The cages 2 may travel on rails 3 (Figs. 2 and 4) or they may be rigidly fixed to links I! (Fig. 6) pivoted to arms I I fixed to the frame I, and sup ported upon rollers l3 riding upon tracks I and upon the center board l5. From comparison of Figs. 2 and 4, it will be seen that the cages can be placed more closely together by laying the rails obliquely as at 3'.

With the pivoted arrangement of the cages shown in Fig. 6, enabling the bobbins to perform circular movements, the bobbins are particularly easy of access, without requiring the respective cage to be moved wholly out of alignment with the other cages. The links I! serve to limit the outward movement of the cages and also make possible a turning of the cages into a position giving convenient access to all bobbin supports.

- The construction shown in Figs. 7 and 8 enables the bottom rows of bobbins to be reached very easily, as the operative can lean over towards them. Here the rails 3" are arranged obliquely, like the rails 3' in Fig. 4 (only a portion of one side of the creel being shown), but the lower rails 3" are not directly under the upper rails, being displaced toward the left in occol'du 1 rected toward said thread guide bar, and a frame within which said cages are mounted so as to be independently movable transversely of the tier.

2. In a creel, a tier of cages, each cage comprising a vertical thread guide bar, at least three vertical skewer supporting bars equidistant from and parallel to said thread guide bar, andmeans tying said bars into a unitary oblique prism shaped body; skewers mounted in rows on said skewersupporting bars and directed toward said thread guide bar, and a frame within which said cages are mounted so as to be independently movable transversely of the tier.

3. A creel comprising a tier of cages, each cage being of generally arcuate shape on one side and having a multiplicity of bobbin supports directed radially inward from its arcuate side, each cage being individually movable in a direction transverse to the' tier.

4. A creel comprising a tier of cages, each cage being of generally arcuate shape on one side and having a multiplicity of bobbin supports directed radially inward from its arcuate side and a thread guide bar at the center of curvature of the arcuate side, each cage being individually movable in a direction transverse to the tier.

5. A creel comprising a tier of cages,-each cage being of generally arcuate shape on one side and having a multiplicity of bobbin supports directed radially inward from its arcuate side and a thread guide bar at the center of curvature of the arcuate side, each cage being individually movable in a direction transverse to the tier, and guards within each cage for preventing entanglement of yarn due to ballooning.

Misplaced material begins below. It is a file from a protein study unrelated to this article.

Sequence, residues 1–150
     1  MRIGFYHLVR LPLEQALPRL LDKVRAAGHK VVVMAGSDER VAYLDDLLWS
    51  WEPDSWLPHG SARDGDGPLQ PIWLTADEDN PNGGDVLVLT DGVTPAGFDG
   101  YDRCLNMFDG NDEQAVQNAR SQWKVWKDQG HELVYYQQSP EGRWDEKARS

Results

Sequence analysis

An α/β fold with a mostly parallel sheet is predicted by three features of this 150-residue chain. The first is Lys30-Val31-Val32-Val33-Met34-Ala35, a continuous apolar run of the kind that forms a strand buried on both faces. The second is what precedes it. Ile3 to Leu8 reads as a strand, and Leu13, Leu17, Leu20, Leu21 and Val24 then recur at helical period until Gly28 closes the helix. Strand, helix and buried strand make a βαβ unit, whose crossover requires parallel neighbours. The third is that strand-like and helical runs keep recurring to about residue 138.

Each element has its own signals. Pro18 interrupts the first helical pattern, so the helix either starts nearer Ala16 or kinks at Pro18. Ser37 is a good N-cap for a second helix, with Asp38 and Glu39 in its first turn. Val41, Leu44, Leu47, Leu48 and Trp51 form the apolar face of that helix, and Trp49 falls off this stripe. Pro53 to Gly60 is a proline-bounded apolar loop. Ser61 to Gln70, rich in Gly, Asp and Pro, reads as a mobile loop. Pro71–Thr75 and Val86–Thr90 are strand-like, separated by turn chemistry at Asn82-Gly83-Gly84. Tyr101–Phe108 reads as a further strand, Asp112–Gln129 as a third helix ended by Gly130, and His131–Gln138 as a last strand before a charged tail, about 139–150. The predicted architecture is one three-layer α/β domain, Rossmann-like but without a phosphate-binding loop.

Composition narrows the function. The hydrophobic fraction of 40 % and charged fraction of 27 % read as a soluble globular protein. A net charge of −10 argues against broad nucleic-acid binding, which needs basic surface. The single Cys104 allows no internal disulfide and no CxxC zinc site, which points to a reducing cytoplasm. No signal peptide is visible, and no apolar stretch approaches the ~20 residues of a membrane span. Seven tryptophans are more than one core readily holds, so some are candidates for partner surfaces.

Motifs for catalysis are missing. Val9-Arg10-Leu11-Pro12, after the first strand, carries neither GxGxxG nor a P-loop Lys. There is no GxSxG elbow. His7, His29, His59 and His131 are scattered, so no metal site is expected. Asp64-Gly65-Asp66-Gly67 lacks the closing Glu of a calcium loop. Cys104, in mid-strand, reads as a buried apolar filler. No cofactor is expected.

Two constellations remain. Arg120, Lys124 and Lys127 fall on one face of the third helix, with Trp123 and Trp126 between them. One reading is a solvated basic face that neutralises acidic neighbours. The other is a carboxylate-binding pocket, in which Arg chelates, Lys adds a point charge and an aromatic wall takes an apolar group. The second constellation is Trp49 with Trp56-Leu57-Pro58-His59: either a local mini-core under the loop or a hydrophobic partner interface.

6. A creel comprising a tier oi cages, each cage being ofgenerally arcuate shape on one side and having a multiplicity of bobbin supports directed radially inward from its arcuate side, each cage being individuallyvmovable in a direction oblique to the tier. I y

'l. A creel comprisinga tier of cages, each cage being of generally arcuate shape on one side and having a multiplicity of bobbin supports directed radilly inward from 1:; arcuate side, a frame within which said cage are mounted, and pivoted arms connecting the respective cages to said frame and adapted to guide the cages individually out of the tier by a circular movement.

8. A creel comprising a tier of cages, each cage being of generally arcuate shape on one side and having a multiplicity of bobbin supports directed radially inward from its arcuate side, said bobbin supports being in paired arrangement with the two supports of each pair on the same level and the pairs staggered with respect to'each other, each cage being movable in a direction transverse to the tier. i

9. A creel comprising a tier of cages, each cage,

being of generally arcuate shape on one side and having a multiplicity of bobbin supports directed radially inward from its arcuate side, said cagesall having a similar orientation to the axis of radially inward from its arcuate side but pivotally mounted so that they can be turned outward for changing bobbins, each cage being individually movable in a direction transverse to the tier.

GUSTAV KAHLISCH.

Referenced by
Citing PatentFiling datePublication dateApplicantTitle
US3169248 *Nov 8, 1962Feb 9, 1965Sulzer AgWeft creel for looms
US4163357 *Apr 25, 1978Aug 7, 1979Hamel Gmbh, ZwirnmaschinenApparatus for cable-twisting two yarns
US4180967 *Mar 15, 1978Jan 1, 1980Hamel GmbH - ZwirnmaschinenCable-twisting two yarns
US4464891 *Apr 17, 1979Aug 14, 1984Manly Jr W JudsonYarn processing machine and creel assembly
US4540138 *Apr 9, 1984Sep 10, 1985Alandale Knitting CompanyTextile yarn creel
US4948067 *Dec 5, 1989Aug 14, 1990Alandale Industries, Inc.Textile Yarn Creel
Classifications
U.S. Classification242/131.1
International ClassificationD02H1/00
Cooperative ClassificationD02H1/00
European ClassificationD02H1/00